Just when we thought the specter of the Tide Pods challenge was behind us, there’s another TikTok trend to worry about: the ‘NyQuil Chicken’ challenge. This more recent social media phenomenon involves people cooking chicken breasts in cough syrup.
The trend, which likely originated as a joke, has gone viral and caused enough concerns about the dangers of actually cooking with NyQuil that it spurred the Food and Drug Administration to issue an advisory about it this week.
“The challenge sounds silly and unappetizing — and it is,” the FDA said in a statement. “But it could also be very unsafe. Boiling a medication can make it much more concentrated and change its properties in other ways.”
While the NyQuil Chicken challenge may be gross, it isn’t the first or last potentially dangerous health trend to hit social media. The FDA has grappled with sensations like this before.
For example, a previous TikTok challenge encouraged people to take significant doses of diphenhydramine, an allergy medicine, or other non-prescription medications.
However, these challenges are all part of a larger trend involving the proliferation of health misinformation on social media platforms in recent years, due in part to the COVID-19 pandemic and the popularity of apps like TikTok.
Much of the problem lies in a lack of regulation, according to Jeffrey Blevins, a professor in the Department of Journalism and the School of Public and International Affairs at the University of Cincinnati.
“This is the kind of thing that TikTok could moderate, even though I think TikTok compared to other social media platforms has been a little more loath to do that,” Blevins noted. “It seems like lately more of the controversial stuff has involved TikTok.”
A recent NewsGuard report found that nearly 20% of videos that appear in search results on TikTok contain misinformation.
Other large tech platforms who’ve been under fire in recent years for health misinformation and disinformation in general — including YouTube and Facebook — have attempted to make some strides in battling false information.
TikTok’s self-regulation, however, has generally been lacking, though it states on its website that it “will remove misinformation that causes significant harm to individuals, our community, or the larger public regardless of intent,” including medical misinformation.
On the policy side, there currently is no government regulation over social media platforms in regards to misinformation. This isn’t for a lack of trying, though.
In July 2021, spurred by rampant anti-vaccination sentiment online, Sen. Amy Klobuchar, (D-MN), introduced a bill that would aim to remove liability protections from large tech companies like Facebook and Twitter if misinformation continued to spread on their platforms. Lacking bipartisan support, the bill has stalled.
Other attempts to lock down some regulation over social media companies have faltered, Blevins said.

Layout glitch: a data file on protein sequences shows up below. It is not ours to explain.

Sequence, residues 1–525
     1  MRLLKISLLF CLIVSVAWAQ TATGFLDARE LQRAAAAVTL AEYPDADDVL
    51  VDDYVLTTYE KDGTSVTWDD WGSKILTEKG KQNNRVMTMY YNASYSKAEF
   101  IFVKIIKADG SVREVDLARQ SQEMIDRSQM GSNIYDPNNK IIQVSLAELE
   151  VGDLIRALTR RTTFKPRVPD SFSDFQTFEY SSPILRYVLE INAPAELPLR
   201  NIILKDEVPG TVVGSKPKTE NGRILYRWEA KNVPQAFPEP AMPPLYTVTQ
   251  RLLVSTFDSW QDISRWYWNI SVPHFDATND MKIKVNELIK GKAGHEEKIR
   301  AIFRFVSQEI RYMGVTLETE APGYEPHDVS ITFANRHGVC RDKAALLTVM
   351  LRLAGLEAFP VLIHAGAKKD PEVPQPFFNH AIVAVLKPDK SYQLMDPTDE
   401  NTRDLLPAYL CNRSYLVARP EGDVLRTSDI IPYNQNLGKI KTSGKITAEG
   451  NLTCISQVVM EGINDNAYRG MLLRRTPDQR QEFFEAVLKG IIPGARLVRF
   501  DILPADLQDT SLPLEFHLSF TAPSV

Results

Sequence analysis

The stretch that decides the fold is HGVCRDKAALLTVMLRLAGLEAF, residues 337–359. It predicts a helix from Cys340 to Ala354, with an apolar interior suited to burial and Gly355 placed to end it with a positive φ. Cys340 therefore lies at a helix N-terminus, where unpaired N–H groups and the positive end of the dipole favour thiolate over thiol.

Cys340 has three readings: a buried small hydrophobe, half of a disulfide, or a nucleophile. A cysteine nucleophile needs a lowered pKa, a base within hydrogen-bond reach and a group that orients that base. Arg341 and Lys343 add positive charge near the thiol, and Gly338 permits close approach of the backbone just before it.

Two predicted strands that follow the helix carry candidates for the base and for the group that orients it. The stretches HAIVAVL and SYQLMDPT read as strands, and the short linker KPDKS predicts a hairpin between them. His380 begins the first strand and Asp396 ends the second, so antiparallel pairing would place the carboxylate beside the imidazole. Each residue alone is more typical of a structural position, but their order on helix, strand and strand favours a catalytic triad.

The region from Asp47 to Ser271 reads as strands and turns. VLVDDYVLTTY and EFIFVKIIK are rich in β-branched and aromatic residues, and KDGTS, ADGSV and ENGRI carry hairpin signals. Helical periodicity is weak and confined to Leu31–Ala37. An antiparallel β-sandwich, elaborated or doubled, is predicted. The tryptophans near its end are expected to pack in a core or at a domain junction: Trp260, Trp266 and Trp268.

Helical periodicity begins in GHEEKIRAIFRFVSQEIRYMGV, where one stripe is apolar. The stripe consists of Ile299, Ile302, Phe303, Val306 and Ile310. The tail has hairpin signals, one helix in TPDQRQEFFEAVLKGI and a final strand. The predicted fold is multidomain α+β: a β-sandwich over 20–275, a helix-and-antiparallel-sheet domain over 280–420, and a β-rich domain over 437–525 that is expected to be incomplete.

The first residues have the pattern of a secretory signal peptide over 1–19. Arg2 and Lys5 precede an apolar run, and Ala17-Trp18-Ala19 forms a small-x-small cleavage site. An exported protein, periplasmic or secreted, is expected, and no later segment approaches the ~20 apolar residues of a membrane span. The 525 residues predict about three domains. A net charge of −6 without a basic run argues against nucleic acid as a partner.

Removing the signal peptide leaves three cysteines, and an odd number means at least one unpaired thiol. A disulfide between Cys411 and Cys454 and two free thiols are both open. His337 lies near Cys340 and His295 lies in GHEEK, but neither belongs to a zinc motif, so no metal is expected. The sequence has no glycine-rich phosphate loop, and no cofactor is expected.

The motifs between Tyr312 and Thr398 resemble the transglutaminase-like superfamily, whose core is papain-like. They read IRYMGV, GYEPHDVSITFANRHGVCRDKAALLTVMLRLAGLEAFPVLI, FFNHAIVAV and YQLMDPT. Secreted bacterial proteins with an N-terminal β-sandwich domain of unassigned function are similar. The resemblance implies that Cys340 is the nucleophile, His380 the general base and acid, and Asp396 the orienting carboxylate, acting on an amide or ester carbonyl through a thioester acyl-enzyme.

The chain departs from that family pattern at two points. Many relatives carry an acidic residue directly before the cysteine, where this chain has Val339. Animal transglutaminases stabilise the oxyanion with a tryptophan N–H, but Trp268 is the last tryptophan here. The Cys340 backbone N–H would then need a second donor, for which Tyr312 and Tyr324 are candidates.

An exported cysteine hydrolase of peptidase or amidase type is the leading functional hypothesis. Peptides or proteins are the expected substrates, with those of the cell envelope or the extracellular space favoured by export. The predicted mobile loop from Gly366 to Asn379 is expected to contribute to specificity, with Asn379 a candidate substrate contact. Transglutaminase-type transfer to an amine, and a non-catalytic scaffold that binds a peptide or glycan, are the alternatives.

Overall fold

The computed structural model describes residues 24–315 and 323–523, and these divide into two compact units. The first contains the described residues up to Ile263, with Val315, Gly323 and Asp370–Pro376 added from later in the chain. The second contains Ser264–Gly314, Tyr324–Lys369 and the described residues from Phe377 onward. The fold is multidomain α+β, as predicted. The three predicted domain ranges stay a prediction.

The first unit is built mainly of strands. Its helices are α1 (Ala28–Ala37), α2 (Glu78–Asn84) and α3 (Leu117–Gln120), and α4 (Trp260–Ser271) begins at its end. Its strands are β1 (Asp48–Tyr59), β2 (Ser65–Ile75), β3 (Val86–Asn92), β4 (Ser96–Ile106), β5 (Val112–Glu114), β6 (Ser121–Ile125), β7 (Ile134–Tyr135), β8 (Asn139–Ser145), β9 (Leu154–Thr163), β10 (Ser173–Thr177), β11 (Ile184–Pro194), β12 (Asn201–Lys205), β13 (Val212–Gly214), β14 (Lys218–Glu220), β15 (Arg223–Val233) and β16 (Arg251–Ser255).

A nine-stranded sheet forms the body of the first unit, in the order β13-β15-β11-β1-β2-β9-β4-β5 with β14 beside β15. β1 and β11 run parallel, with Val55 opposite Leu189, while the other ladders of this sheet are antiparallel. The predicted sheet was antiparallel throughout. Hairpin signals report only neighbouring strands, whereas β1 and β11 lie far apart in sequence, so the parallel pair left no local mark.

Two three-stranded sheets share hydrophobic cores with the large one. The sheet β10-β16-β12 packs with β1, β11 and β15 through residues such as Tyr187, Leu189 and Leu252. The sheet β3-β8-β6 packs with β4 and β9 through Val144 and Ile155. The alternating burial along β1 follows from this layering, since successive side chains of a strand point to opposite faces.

The lack of regulation “undercuts agencies like the FDA to be able to reach out to TikTok and say, ‘Hey, this is problematic,’” Blevins said.
That leaves the FDA with its current option: crafting the messaging itself. There is, however, a bit of a problem when the messaging is left in the FDA’s hands.
“The reason why a lot of their previous approaches are ineffective is they approach the problem like a professor would: here’s information, here are facts, here’s straightforward stuff,” Blevins said.
He continued: “People tend to respond to emotional content more so than anything on social media. I would encourage the FDA to think of more fun and creative ways that give the point that [NyQuil Chicken] is not a good idea. Maybe make fun of it. Young people, especially, respond to humor and snark.”
Dr. Jenny Yu, who heads the medical affairs team at Healthline Media, emphasized that agencies like the FDA or even the Centers for Disease Control and Prevention need to package creativity and science in a way that allows messaging to get to people who have different ways of consuming information.
“An agency like the FDA has to keep pace with the changing cultural trends,” Yu said. “Creative agencies use creativity, toned voice in an empathetic way and medical information that’s evidence-based and reviewed by experts.”
Without government regulation or self-regulation by the companies, the onus also falls on public interest groups, parents and educators in addition to the FDA, Blevins noted. In that instance, there could be a role for NGOs or public interest groups to provide informative, creative content to counterbalance trending misinformation.
Ultimately, even when the NyQuil Chicken challenge falls to the wayside, there’s a clear pattern of health misinformation trending across social media platforms.
Some of it — like when hydroxychloroquine was promoted as a treatment for COVID-19 — is steeped in cultural politics and will likely continue as long as there’s no self-regulation from companies or at the policy level.
“My mind always goes to, what’s next? What’s down the pipe?” Blevins said. “I encourage people not to think of these things as a one off – like, ‘Thank goodness we’re past NyQuil Chicken now.’ No, there’s a pattern of medical misinformation that could be pretty [damaging long-term].”